Hi Jody, I am a newbie to this as well and found pagetutor.com a really handy site to learn a bit about html, it is not as scary as it seems! I use notetab to do code changes in and i do it like this: change one thing, save, then refresh in the browser to see if it worked, if not then undo quickly! Works for our small business as the price is right. Kompozer is another free piece of software which helps you see what you are doing, although it's not very good for writing or amending code.
With the header it is very tricky to get the image to show up. Something about it has to be in the same folder as the html document, or something. I find a far easier way is to put the wsiwyg source into the template (<$imagesrc$>) and then add the actual image once you are customising the template to actually create a campaign. At that stage it is WSIWYG, so you can just browse to the folder on your computer, find the image and save it.
Apologies to anyone reading this who actually knows how to code. It must sound like a beginner's violin lesson as I don't really know the terminology. All I can say is if you are interested, you can do it yourself! Cheers, Jen
thans for that jenjen, I appreciate the advice, and some of that makes sense and hopefully I'll get a handle on the other stuff soon.
I managed to get a copy of dreamweaver so I've made a start and hopefully I'll have that header nailed before the end of the week!!!
Can I drop you a line via the site if I get stuck on something really basic, I don't want to bored the clever people with my stupid questions!
When I was learning html (many many years ago - we won't go into how many many's there should be there) I often found until I got comfortable with the syntax and the directory structures being used; when reverse engineering or working with other peoples templates it was actually easiest to save over the image files already in existence to change them over. Just make sure you make a copy of the entire folder you're working on before doing this so that when you make a mistake you have the originals intact.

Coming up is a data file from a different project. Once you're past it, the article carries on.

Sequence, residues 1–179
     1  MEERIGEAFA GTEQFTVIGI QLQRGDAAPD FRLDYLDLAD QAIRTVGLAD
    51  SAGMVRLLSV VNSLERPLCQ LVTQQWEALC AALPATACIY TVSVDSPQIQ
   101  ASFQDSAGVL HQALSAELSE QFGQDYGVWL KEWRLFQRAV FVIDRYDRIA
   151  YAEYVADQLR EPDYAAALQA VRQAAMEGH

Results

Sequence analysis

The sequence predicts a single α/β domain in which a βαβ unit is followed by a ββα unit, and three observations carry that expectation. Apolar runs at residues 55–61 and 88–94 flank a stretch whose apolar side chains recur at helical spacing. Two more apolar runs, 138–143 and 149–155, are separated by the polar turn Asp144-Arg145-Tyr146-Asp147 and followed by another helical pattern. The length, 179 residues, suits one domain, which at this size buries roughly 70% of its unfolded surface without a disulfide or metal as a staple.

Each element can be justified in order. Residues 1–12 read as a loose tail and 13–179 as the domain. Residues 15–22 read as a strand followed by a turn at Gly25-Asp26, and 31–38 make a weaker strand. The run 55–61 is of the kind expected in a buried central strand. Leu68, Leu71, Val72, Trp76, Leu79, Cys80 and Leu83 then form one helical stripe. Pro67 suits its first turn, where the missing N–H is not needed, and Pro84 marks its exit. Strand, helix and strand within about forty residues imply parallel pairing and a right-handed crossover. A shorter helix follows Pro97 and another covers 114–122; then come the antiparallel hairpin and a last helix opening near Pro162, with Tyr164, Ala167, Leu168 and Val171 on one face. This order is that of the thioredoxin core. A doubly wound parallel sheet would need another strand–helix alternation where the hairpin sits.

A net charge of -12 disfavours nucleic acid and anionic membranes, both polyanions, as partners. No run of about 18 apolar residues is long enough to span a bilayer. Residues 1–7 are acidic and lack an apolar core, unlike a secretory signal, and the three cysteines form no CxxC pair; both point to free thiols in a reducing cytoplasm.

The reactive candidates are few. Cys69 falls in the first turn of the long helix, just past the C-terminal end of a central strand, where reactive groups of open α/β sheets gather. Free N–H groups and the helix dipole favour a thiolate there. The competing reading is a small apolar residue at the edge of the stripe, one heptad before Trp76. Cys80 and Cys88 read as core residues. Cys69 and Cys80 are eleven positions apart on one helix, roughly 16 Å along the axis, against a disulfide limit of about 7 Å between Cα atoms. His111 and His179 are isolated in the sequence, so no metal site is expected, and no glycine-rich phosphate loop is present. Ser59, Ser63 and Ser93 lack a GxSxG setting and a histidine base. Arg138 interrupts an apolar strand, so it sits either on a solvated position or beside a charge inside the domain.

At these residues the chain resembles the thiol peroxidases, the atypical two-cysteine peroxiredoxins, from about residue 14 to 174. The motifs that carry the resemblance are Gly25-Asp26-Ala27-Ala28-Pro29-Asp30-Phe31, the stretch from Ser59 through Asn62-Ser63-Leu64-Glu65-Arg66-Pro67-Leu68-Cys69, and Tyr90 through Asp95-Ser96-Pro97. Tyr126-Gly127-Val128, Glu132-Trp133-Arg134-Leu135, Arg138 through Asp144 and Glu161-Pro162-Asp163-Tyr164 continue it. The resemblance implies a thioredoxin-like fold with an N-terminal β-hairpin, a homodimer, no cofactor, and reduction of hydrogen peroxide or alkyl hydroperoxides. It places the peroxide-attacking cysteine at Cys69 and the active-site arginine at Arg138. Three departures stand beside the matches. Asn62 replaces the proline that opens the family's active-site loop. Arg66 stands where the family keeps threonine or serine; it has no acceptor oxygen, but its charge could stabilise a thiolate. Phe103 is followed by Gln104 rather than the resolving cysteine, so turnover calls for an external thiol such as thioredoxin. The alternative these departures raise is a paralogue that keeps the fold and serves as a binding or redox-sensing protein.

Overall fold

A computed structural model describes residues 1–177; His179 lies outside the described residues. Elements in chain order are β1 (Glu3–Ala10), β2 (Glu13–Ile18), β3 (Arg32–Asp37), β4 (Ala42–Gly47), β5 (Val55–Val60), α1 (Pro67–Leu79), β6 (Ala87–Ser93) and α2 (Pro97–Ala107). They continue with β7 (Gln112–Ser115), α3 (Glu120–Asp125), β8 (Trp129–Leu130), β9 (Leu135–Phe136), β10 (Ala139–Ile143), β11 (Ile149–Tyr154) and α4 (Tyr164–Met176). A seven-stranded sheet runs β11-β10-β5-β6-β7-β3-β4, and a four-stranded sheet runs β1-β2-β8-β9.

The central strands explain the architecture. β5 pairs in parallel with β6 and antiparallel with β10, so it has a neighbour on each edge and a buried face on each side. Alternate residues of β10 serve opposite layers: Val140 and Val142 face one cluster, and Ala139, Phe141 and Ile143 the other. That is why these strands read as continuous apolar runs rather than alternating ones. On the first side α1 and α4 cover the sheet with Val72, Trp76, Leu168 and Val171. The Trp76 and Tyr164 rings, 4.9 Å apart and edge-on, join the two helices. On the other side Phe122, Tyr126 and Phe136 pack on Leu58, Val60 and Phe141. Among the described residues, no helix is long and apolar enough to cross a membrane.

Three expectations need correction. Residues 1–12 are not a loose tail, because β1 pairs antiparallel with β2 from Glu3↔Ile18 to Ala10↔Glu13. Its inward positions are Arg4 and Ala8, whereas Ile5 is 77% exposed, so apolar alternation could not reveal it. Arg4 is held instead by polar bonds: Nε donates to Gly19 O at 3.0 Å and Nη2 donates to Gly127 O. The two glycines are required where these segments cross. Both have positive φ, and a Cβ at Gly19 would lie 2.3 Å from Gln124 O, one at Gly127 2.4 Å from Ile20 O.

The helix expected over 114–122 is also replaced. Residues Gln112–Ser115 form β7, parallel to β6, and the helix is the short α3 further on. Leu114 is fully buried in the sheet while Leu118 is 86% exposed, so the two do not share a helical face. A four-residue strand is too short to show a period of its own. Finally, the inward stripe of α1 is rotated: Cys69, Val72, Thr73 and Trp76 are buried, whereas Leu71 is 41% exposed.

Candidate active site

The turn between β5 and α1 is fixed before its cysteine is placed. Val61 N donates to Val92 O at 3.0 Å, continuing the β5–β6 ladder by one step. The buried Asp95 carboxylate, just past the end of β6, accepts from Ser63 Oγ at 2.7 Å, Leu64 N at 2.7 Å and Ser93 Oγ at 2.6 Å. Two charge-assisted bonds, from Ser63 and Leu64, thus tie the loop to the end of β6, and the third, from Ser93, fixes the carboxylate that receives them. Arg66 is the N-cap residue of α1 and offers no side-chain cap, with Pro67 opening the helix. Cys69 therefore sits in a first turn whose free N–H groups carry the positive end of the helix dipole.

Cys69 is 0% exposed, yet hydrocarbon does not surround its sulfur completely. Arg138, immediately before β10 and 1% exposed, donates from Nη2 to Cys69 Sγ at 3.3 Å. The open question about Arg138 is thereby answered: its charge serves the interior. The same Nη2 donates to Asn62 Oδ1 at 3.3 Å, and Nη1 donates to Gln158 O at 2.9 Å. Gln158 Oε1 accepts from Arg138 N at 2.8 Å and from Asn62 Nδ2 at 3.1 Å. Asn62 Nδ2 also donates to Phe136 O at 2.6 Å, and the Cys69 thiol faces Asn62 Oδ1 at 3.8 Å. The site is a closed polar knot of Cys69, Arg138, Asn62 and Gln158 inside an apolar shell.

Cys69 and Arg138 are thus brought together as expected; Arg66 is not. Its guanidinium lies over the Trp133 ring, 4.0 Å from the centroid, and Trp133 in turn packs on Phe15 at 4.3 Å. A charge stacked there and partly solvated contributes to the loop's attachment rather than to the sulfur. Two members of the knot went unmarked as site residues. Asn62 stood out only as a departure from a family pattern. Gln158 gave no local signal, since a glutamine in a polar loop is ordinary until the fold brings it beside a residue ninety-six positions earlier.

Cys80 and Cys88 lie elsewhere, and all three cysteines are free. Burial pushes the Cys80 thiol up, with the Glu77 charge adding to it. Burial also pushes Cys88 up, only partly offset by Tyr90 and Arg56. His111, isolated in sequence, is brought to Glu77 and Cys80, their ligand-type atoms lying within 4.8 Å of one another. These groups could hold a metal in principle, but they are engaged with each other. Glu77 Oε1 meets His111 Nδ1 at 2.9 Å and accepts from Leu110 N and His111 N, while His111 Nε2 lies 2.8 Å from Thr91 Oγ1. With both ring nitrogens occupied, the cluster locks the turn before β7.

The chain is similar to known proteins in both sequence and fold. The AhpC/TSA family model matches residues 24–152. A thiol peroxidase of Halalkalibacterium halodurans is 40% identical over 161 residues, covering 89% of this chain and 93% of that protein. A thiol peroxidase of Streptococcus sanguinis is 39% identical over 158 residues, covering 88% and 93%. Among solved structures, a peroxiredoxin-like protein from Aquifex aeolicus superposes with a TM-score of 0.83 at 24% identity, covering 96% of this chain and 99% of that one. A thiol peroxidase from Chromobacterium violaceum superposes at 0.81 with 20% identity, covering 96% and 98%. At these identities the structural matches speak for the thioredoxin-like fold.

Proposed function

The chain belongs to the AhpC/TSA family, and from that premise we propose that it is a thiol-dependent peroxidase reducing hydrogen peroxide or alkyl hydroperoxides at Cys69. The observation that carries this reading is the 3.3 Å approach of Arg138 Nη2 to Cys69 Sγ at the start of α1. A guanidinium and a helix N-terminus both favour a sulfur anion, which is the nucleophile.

For some general advice on designing emails see http://www.campaignmonitor.com/design-guidelines
We've also listed some basic HTML editors here: http://help.campaignmonitor.com/topic.aspx?t=115
Keep in mind Campaign Monitor is really targeted at web designers, so it might be a bit frustrating without some HTML experience.
I've taken bits of everyones advice and am now the proud owner of a modified template (I did exactly as Janeylou suggested and made a copy of a template and replaced images to get the look I was going for and inspected the code version to get an idea of how the whole thing fitted together) which I shall be testing out tonight, and hopefully we will be sending our first campaign at the end of the week.
Its been really interesting, and I'm hoping to get some really interesting results from using CM for our event, which for those of you wondering what the numpty newbie is wanting to promote is the Women's Open Keelboat Championship 2009!
Many thanks and no doubt there will be more daft questions as I try to build our mailing list!!!
Thanks again, I really appreciate everyones help, the links were also really useful, you never know I might even learn to code soon!!!
If you dont have any coding experience then I would say dont fret. Campaign Monitor is a great tool and you can easily learn along the way. If you go for something more simple then, in my experience it can be frustrating as you develop your skills.
I recomend you pick a template from the free gallery and simply type your content over the top of it using an HTML editor (I use Dreamweaver). I have set clients up that have no experience, given them a basic lesson in HTML editing and set them lose. If you ask around your friends someone will know someone who has some experience in HTML. The basics are all you need. This is how I started.
Tmandi - online, email and mobile communication